George was laid off from his job at a beer factory in Los Angeles. That was over a year ago and he had been looking for work ever since. From fast food to retail, nothing lasted long. Alexis didn’t mind so much, it wasn’t as if her parents ever let her starve. In fact, Alexis thought that life was pretty good, even when they were forced to eat hotdogs for an entire month. George grilled everything on a mini-grill they kept on the back porch, a necessity really, since the electricity had been turned off. When it first happened, Jenny told Alexis that it was like camping. Inside. In a one-bedroom apartment. Then she became quiet and spent the next hour in the bathroom.
Jenny tried to break through Alexis’s ice barrier by pointing out a stray cow feeding off the grass. “Look, honey, he looks like Duke.”
Duke was their neighbor’s cat in Los Angeles, who was so ridiculously cute that any adorable animal since was always followed by the sentence, “he looks like Duke.” But today Alexis’s response was a shrug and a sigh.
Jenny turned back around and stared straight ahead. Her pitch black hair was pulled back in a loose ponytail. She had pale delicate skin and a small straight nose and high cheekbones. Her brown eyes were almost too big for her face making her look a little like a Kewpie doll. Jenny was athletically built, but in the last few years she had let her muscles turn soft.
Research. Alexis thought to herself with disdain.
That was all George and Jenny told Alexis about their upcoming six-week absence. No matter how hard Alexis tried, she couldn’t get any more information out of them. She wasn’t even sure if they actually had more information. All Alexis knew was that after six weeks her parents would be coming home with a twenty thousand dollar check.
From research.
Yeah.
Alexis groaned from the back seat as more and more giant pines, oaks, and hickories flew by her window. She missed Los Angeles. Alexis felt happy there. Secure. As if nothing in the world could touch her.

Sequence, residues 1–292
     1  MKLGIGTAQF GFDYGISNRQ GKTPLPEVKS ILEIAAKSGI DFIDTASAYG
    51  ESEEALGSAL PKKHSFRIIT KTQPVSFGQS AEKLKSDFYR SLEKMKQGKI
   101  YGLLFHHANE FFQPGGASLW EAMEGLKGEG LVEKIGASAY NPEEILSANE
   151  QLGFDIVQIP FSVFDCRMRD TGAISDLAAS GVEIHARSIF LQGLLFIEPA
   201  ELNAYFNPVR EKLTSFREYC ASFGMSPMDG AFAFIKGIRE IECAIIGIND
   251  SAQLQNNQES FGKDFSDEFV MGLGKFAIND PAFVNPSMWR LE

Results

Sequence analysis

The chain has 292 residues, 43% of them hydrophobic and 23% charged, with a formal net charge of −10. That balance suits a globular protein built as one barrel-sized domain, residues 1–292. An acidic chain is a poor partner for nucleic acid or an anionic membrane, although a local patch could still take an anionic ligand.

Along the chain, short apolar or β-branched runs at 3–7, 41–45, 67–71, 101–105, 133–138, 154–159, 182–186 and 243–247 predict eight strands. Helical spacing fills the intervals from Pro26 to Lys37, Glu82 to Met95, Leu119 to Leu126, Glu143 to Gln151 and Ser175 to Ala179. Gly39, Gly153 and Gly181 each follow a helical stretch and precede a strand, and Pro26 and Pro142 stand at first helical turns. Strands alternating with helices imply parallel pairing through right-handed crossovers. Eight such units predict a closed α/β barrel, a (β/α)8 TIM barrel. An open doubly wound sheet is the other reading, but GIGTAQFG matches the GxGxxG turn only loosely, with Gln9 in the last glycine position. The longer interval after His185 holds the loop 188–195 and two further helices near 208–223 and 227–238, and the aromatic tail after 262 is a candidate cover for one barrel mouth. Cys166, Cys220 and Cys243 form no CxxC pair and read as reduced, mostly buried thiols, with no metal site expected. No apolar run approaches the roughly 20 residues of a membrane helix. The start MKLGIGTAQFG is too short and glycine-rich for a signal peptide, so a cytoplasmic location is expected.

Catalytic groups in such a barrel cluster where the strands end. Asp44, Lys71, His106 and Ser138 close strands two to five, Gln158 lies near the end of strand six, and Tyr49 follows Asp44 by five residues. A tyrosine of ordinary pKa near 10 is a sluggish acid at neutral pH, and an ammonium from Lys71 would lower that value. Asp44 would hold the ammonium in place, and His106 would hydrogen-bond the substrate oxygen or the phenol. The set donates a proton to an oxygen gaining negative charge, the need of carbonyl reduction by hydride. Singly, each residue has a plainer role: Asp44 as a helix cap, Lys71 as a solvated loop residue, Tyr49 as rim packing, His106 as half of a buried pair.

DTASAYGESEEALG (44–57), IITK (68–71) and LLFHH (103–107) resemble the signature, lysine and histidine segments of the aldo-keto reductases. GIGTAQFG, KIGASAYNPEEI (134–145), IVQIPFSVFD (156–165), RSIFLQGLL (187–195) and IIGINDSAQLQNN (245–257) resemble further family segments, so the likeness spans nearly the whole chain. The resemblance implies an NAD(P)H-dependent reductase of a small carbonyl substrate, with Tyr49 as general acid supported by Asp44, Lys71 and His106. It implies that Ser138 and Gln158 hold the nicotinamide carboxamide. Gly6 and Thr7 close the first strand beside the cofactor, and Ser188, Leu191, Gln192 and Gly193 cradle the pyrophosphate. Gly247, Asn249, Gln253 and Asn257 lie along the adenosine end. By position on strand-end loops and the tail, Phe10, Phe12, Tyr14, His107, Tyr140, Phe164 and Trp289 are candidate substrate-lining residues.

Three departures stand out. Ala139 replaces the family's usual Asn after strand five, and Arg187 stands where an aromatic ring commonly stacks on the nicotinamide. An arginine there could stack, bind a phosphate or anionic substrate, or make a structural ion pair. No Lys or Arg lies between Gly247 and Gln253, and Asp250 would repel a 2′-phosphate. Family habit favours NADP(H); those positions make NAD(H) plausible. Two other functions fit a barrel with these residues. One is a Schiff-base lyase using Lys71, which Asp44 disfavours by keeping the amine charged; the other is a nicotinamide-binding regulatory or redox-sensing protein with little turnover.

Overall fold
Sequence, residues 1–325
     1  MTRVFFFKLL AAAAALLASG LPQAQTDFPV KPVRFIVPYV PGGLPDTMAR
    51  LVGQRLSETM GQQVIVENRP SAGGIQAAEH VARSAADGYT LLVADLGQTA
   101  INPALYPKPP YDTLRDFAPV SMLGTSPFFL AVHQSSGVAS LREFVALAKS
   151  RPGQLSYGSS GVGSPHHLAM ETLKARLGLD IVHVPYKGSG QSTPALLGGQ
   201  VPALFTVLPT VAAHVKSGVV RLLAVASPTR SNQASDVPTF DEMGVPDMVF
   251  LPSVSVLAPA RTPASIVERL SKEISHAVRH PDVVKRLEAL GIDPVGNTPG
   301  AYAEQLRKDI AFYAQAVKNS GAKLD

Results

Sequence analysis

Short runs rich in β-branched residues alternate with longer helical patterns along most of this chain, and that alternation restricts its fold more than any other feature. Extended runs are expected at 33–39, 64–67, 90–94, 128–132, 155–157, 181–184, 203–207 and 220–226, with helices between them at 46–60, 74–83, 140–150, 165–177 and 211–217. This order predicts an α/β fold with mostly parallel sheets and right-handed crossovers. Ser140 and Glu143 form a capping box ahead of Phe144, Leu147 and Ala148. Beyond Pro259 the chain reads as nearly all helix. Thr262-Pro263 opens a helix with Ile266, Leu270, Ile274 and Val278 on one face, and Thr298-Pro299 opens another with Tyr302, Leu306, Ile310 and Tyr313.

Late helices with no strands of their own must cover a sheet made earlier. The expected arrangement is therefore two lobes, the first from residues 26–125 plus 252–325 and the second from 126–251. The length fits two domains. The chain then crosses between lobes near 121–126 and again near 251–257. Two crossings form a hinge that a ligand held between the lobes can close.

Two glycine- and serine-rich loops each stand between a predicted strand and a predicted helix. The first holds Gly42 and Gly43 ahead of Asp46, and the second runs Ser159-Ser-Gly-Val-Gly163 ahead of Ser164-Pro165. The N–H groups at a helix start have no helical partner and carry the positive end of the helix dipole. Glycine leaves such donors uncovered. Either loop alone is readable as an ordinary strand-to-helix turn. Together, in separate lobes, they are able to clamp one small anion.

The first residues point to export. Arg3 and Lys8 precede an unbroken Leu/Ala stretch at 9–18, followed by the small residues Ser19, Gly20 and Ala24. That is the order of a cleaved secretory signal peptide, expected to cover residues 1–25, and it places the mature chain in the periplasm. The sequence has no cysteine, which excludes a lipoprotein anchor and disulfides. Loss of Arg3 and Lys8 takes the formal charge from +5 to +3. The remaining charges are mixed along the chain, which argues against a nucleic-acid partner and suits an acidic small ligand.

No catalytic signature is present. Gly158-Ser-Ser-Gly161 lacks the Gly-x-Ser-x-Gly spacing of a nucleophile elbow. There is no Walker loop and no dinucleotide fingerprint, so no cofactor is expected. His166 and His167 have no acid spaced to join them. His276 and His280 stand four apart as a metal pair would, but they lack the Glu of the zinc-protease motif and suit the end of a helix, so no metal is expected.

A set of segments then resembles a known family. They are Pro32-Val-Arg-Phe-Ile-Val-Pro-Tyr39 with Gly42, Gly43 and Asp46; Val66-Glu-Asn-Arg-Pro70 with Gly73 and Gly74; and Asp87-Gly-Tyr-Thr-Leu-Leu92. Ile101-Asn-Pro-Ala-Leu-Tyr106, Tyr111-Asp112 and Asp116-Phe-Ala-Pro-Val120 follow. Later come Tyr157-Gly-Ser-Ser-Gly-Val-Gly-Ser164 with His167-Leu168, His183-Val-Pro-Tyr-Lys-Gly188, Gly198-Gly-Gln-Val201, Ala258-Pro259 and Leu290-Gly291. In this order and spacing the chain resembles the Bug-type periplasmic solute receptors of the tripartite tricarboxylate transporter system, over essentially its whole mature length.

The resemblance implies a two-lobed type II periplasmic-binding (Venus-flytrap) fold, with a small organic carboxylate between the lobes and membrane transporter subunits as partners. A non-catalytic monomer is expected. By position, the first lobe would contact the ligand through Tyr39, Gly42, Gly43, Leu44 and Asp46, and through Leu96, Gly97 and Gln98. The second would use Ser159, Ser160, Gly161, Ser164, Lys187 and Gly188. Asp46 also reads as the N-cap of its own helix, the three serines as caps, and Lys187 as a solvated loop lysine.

Not like Virginia.
Virginia was beautiful, yes, but it wasn’t where she grew up. It wasn’t where her friends were. It was across the entire country, in the middle of nowhere. And most of all, it scared her. Alexis had never been away from her parents for more than a day, and now they’d be gone for the whole summer! It terrified her. Alone with Great Aunt Mae. A seventy-year-old lady that her parents described as a “barrel of laughs.” Whatever that meant. Great Aunt Mae was Alexis’s grandma’s sister on her father’s side, but when George’s mother died, they drifted out of touch. George had never even seen Mae’s Summervale house. She and her husband, William, had apparently moved there after George was already an adult, and living on the other side of the country made visiting an expense the Tappendorf family could never quite afford.
“Don’t worry, Alex,” George called back from the driver’s seat, “you’ll have a lot of fun in Summerville. Aunt Mae is amazing. She’ll make you feel at home.” Her father was the only one who called Alexis “Alex,” and normally she loved his pet name for her. Today it just made her angry.
“Summervale, Dad,” Alexis said with a huff. “You can at least get the name of the town right. You are abandoning me there after all.” At this point she believed her parents needed to feel as guilty as was humanly possible.
After a moment of disappointing silence, Alexis picked up a booklet full of advanced Sudoku puzzles lying on the seat next to her. It was the best way to take her mind off of her current predicament. And she was quite good at the puzzles as well. Sudoku had become Alexis’s obsession over the last year, her main escape from reality. She liked the way it made her mind work, trying to figure out how to place the numbers exactly so as to solve the riddle. It was one of the few things that Alexis was good at. She whizzed through the beginner books in a matter of days and had been trying to find a puzzle she couldn’t solve. Even the “advanced edition” book she was working on now was too easy for her. Was there such thing as advanced, advanced Sudoku puzzles? If there was, Alexis was sure she wouldn’t be able to find it here in Virginia in the middle of nowhere. She quickly solved the puzzle she was working on, but found to her dismay that the closer they were to Mae’s the less the puzzle distracted her.